Gladstone Place resigns account with Saudi Public Investment organization

The boutique firm quit the account this week following the disappearance of a 'Washington Post' columnist.

Photo credit: Getty images
Photo credit: Getty images

NEW YORK: Gladstone Place Partners resigned its nearly $200,000 account with Saudi Arabia’s Public Investment Vehicle this week, according to an agency spokesperson.

Gladstone was tasked with supporting the country’s NEOM project, a $500 billion mega-city project designed to diversity the country’s oil-reliant economy, according to filings with the Justice Department. 

Services provided by Gladstone included communications and strategic advice directed at U.S. audiences for NEOM announcements, events, and conferences, according to public records. The firm pledged to not interact with U.S. government officials or try to influence U.S. policy on behalf of the Public Investment Vehicle in the contract, which was signed in July. Gladstone disclosed it twice contacted Fortune on behalf of its client on March 28 and April 5. "Both contacts were related to the 2019 Fortune Global Forum," according to the filings.

Gladstone CEO Steve Lipin registered as a foreign agent on September 12.

The boutique agency declined to comment further.

The resignation followed scrutiny of lobbyists’ work for Saudi Arabia after Washington Post columnist Jamal Khashoggi went missing after entering the Saudi consulate in Istanbul. According to media reports, Turkish officials have evidence of Khashoggi being killed inside the building. The Saudi government has denied any involvement.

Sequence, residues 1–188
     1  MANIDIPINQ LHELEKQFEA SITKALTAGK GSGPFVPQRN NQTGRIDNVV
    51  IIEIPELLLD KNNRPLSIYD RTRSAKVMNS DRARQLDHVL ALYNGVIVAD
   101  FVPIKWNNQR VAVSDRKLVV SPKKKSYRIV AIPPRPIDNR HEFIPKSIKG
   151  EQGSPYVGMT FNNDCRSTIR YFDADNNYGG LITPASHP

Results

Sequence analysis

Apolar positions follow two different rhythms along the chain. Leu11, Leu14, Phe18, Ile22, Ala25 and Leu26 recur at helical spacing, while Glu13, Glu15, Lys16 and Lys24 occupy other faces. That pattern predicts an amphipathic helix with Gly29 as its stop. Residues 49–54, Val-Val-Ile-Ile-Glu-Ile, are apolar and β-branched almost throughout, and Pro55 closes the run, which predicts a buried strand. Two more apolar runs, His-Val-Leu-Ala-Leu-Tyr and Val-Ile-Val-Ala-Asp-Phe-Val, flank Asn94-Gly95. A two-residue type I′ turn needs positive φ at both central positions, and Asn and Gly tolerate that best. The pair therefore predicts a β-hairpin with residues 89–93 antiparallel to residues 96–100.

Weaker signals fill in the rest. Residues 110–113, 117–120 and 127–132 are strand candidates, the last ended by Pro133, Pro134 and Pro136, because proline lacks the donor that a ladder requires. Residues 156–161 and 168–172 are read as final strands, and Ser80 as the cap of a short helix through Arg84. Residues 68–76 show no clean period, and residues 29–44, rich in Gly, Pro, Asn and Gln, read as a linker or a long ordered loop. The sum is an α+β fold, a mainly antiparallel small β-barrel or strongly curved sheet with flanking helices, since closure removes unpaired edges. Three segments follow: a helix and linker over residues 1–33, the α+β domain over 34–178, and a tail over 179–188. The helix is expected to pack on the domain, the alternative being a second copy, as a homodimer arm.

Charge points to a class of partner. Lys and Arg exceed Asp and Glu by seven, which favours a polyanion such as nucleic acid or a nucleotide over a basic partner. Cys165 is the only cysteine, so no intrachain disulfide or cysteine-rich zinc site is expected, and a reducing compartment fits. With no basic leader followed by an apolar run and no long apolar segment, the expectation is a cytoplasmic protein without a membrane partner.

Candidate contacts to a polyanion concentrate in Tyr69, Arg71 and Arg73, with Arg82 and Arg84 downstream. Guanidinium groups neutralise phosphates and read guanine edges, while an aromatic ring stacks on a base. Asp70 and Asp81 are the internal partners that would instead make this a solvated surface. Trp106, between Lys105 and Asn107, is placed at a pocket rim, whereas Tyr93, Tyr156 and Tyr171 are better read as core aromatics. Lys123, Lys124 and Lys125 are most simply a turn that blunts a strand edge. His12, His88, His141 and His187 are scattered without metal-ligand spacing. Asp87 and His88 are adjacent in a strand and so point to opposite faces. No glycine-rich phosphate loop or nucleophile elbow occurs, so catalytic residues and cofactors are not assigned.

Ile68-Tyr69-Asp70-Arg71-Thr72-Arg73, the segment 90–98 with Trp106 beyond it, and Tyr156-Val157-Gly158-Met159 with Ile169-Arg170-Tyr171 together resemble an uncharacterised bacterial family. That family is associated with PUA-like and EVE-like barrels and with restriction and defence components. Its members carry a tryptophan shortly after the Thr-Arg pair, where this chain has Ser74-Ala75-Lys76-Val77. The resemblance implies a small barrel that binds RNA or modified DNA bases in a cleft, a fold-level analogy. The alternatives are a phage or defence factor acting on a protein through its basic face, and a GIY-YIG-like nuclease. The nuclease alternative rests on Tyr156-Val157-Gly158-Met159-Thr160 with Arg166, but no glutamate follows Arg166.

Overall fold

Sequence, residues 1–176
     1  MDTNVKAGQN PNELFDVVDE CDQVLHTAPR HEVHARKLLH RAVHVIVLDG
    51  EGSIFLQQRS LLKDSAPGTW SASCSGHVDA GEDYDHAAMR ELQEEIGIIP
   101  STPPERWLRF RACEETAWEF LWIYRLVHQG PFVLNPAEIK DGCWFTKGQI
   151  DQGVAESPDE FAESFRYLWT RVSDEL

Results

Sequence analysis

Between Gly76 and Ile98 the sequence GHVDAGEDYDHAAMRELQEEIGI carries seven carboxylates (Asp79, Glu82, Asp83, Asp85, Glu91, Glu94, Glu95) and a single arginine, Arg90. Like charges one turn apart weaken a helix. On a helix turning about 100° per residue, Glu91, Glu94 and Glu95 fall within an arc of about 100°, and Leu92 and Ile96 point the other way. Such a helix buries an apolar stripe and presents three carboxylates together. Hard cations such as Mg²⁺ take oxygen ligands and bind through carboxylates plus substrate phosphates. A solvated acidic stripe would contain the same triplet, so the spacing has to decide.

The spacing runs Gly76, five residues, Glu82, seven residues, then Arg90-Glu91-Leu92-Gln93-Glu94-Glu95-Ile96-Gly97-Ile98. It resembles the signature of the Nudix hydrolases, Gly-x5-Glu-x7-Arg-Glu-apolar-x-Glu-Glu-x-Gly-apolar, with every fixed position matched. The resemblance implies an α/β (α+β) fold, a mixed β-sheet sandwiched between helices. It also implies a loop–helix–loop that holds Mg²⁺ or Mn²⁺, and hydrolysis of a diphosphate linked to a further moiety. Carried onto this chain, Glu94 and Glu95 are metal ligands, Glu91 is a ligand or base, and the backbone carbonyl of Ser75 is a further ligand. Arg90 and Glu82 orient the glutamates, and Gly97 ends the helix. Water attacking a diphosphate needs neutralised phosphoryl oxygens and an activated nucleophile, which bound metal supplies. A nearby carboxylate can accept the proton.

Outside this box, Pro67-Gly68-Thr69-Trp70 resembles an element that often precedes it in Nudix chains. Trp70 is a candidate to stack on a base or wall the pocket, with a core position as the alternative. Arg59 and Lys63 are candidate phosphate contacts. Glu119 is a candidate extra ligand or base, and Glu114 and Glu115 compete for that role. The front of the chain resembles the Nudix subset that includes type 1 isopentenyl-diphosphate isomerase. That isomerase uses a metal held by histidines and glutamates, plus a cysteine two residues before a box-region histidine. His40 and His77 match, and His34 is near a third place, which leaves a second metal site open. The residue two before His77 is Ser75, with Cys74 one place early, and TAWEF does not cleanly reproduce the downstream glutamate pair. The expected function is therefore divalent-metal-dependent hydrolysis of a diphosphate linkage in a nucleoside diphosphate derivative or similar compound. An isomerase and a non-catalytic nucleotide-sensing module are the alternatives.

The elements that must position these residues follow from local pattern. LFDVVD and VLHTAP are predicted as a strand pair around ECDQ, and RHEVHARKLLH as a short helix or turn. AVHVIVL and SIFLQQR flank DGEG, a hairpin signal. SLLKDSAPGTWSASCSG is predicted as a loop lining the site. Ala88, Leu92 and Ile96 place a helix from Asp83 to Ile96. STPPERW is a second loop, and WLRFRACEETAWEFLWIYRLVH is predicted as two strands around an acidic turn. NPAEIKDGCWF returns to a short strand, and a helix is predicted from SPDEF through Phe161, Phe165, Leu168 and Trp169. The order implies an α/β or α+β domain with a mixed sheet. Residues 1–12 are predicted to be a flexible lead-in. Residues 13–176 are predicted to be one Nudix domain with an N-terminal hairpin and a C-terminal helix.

Lipin launched Gladstone in 2017. He previously handled work for foreign governments at Brunswick Group, where he was U.S. senior partner, including on behalf of the Abu Dhabi Investment Authority.

Lobbying firm the Harbour Group ended its relationship with the Saudi government on Thursday, according to The New York Times, which reported that other K Street firms may follow suit.

Executives including Richard Branson and Uber CEO Dara Khosrowshahi, as well as media outlets, have dropped out of the Saudi Future Investment Initiative, known colloquially as "Davos in the Desert," since the Khashoggi story broke.

Other firms that have worked on behalf of Saudi Arabia or Saudi entities, according to FARA filings, such as FleishmanHillard, Glover Park Group, Qorvis Communications, and Hill+Knowlton Strategies, did not respond to requests seeking comment. Brunswick Group declined to comment.

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